Magazine article Times Educational Supplement

Six Tips for Using Technology to Help Lower-Level Learners

Magazine article Times Educational Supplement

Six Tips for Using Technology to Help Lower-Level Learners

Article excerpt

Making your classroom digital can enable learning in FE - enhancing vital digital life skills in the process

Since the FELTAG report was published in 2014, the use of technology and the idea of the 10 per cent of provision being delivered online has been high profile in FE and adult education ( However, despite the increased coverage and emphasis within providers, one of the aspects of the current focus on technology and digital learning that concerns me is the fact that it seems to be overwhelmingly focused on its use with those learners from level 1 and above.

Should we just not bother with technology for lower-level learners and stick with pens, paper and Post-It notes? Of course we shouldn't (although I'm as much a fan of the sticky note as most teachers). We just have to think about what is appropriate and effective. This is equally important for all technology use, but I wonder if it can sometimes be easier to "get away" with less principled planning of tech use at higher levels.

Here are a few tips and ideas to bear in mind when using technology in the classroom with lower-level learners.

Build in 'play time'

If you are introducing new technology in any form, it's crucial that you include time in your planning for the learners to play with the tech itself and get to grips with it.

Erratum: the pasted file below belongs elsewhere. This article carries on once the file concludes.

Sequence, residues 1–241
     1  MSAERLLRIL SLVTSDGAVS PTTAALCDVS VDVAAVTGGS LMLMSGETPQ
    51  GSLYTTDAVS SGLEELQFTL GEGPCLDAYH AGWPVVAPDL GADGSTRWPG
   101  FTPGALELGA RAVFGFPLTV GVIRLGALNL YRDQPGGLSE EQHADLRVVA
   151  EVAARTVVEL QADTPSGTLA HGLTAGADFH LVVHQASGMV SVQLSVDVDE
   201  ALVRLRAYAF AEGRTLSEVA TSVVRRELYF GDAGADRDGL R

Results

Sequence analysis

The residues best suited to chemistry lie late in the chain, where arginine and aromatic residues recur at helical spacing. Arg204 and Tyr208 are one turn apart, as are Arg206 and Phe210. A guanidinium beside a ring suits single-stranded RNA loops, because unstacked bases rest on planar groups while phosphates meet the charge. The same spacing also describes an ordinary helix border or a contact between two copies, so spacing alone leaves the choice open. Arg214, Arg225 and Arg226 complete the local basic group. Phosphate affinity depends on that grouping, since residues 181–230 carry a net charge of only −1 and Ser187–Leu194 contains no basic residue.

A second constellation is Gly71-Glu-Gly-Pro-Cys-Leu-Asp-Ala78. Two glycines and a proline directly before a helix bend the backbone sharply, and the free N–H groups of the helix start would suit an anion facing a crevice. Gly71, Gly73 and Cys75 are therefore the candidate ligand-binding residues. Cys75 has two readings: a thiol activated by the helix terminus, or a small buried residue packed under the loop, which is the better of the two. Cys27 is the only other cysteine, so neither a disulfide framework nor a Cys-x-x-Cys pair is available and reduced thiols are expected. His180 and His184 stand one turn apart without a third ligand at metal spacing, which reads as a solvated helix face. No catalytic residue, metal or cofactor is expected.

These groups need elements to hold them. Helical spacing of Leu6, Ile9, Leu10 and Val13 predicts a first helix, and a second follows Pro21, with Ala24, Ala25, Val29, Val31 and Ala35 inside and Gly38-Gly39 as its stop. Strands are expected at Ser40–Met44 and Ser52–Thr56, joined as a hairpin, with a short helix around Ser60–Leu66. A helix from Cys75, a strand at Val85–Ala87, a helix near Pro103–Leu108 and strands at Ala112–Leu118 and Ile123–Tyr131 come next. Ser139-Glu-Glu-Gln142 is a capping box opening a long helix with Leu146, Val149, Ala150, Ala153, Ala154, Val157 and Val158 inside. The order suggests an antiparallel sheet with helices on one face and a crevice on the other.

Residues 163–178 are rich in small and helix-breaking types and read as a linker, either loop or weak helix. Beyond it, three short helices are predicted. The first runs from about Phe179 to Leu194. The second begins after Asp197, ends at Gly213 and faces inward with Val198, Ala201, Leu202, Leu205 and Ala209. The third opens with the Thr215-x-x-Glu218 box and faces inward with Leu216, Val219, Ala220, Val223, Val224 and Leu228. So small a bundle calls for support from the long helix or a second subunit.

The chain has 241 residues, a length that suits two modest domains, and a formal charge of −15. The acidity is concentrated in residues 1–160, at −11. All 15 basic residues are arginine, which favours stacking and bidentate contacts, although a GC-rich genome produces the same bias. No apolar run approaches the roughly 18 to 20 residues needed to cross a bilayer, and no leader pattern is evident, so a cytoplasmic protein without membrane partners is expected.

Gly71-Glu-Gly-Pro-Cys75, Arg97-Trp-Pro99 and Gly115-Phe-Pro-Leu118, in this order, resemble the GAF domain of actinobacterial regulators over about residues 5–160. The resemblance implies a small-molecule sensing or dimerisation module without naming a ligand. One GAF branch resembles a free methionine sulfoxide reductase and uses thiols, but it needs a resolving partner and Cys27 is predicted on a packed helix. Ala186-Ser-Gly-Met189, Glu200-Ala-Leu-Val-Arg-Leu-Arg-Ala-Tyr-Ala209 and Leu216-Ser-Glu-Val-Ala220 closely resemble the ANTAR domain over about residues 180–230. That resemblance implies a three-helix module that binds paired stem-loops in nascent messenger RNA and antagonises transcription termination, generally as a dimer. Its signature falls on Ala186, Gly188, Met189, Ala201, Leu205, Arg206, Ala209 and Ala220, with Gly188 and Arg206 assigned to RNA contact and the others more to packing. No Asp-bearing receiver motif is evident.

You may have planned the most amazing activities, but if the students don't actually know how to use the app or tool that you have chosen, you will already be excluding a large number of learners and may be left wondering why things went pear-shaped. It may seem incredibly obvious, but it's also important that you know how your tech tools work too. Otherwise, you will look a little ridiculous when trying to explain tasks - even to the most enthusiastic learners.

Choose wisely and bed tech in

Think about what tools will be most effective for your learners and then use them regularly over a period of time.

This allows you and them to get used to the tools and get the most out of them. At my college, we have been using Edmodo a lot with our entry level Esol (English for speakers of other languages) learners, some of whom had never used a computer until coming to college. After a couple of weeks, they all know how to do the basics and expect to find tasks to complete on there. It's a wonderful thing to see a complete beginner posting a comment and then being able to see their classmates' replies and contributions.

Emphasise safety

Get learners thinking early on about digital literacy and online safety. …

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